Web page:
Tuesday, May 5, 2009

Cabrera's Last Stand

I know you all can’t wait for the next Daniel Cabrera start. I know I can’t. Seriously, the sky is the limit for Cabrera. He could actually join Rick Vaughn in the Hall of Shame. Seven wild pitches in 24.1 innings, adding 17 walks, 2 hit batsmen, 255 strikes on 459 pitches (55.6%). Those numbers don’t really even begin to tell the story of how poorly he has actually pitched. He has managed to do this over five starts as well, so management is coddling the giant and are not being rewarded. It would be unfair to say Cabrera is the worst starter in the NL because the Mets look like they are going to have paid 2.2 million for Oliver Perez’s body of work. He has probably been the second worst starting pitcher in the NL, though.

The sad, sad thing is that management had to know what they were getting into; it is not like he suddenly lost command. He never had it. Period. Randy Johnson didn’t begin to harness his unique anatomy and stuff until he was 29, in fact appeared to be regressing upon arriving in Seattle before breaking out in ’93. Now he’s first ballot to Cooperstown. The difference is that Cabrera broke down at the end of last season after a decent start and really needed to be fully examined before coming on board.

As noted by numerous accounts, Cabrera’s velocity is way down. Everybody wants to cover their asses and blame it on tinkering with his delivery. Yet a closer look his struggles in the second half of last year reveal similar trends. He produced fewer swings and misses as the season progressed, generally resulting in fewer strikeouts and more balls in play. This season, he has produced a total of 22 misses. That number is fine for Derek Lowe or Jamie Moyer, pitchers who pitch to contact, but a power pitcher gives up more line drives and fly balls. Power pitchers, who don’t have pinpoint control, generally rely upon beating average hitters.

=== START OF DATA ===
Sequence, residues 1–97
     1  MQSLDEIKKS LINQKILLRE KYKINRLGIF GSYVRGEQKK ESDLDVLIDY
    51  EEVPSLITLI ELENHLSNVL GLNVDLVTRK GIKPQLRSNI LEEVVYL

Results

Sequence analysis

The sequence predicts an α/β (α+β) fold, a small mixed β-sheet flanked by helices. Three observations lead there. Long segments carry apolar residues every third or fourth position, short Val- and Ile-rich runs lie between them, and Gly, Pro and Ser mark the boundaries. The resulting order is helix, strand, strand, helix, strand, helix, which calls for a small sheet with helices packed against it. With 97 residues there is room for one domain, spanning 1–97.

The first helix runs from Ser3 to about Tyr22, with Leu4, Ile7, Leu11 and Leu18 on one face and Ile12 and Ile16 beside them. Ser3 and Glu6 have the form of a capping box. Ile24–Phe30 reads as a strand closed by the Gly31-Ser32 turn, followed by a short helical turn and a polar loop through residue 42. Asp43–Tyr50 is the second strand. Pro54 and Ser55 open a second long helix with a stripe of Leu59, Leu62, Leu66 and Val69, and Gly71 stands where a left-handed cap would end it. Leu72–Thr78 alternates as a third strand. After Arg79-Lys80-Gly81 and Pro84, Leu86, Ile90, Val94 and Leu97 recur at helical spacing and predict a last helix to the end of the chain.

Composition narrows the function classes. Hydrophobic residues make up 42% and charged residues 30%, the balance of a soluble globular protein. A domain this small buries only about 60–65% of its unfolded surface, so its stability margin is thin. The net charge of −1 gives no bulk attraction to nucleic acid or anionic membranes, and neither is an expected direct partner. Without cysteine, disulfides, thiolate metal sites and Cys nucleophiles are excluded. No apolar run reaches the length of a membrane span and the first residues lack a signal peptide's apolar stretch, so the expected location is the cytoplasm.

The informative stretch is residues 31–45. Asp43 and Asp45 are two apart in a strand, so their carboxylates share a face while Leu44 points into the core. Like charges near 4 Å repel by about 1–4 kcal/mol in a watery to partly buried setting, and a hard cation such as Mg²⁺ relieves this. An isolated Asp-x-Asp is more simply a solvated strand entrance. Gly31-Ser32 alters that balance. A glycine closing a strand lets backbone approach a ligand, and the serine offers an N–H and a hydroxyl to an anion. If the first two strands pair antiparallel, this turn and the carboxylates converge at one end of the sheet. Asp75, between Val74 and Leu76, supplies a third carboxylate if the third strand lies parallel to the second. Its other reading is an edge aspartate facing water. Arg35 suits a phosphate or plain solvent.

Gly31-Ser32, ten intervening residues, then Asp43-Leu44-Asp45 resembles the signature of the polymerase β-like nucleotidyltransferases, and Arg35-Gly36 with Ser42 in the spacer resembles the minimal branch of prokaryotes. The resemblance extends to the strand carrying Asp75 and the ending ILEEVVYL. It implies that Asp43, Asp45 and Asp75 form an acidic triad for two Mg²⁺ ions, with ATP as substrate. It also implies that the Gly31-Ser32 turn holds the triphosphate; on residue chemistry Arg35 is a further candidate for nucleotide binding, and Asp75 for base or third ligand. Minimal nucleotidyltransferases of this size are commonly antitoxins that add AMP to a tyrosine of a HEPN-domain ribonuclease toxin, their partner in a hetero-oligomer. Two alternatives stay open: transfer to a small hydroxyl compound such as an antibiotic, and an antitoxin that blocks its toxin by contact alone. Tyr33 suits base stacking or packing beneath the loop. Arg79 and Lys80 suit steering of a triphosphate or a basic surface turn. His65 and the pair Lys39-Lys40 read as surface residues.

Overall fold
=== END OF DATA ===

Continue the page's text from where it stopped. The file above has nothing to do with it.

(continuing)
A look at Cabrera’s pitch history shows that even when he has been successful, he has had fairly miserable control. He actually has survived this long because of the perception of his lack of control. First pitch fastballs resulted in 79 balls and 61 called strikes out of 193 pitches. Basically 75% of the time the batter is taking all the way. Most of the taken strikes were hittable pitches; there is no grouping on the fringes. His overall first pitch results are about 50% strikes. Yes, very poor. His slider has gotten him out of jams before, but without the velocity on his fastball, hitters now lay off it and watch it miss.

There is little hope for Cabrera to figure this out in one start or one month. Randy St. Clair doesn’t seem to have the first clue of where to start. Sending him to the minors won’t accomplish anything, except maybe further some bad habits by getting a few extra cheap punch outs. The key is to shorten his windup and delivery as much as possible, eliminate the wasted energy. He will never make the leap Johnson made, but getting him to the 7th inning would be encouraging. It's not happening and he will likely be out the door by June 1st.

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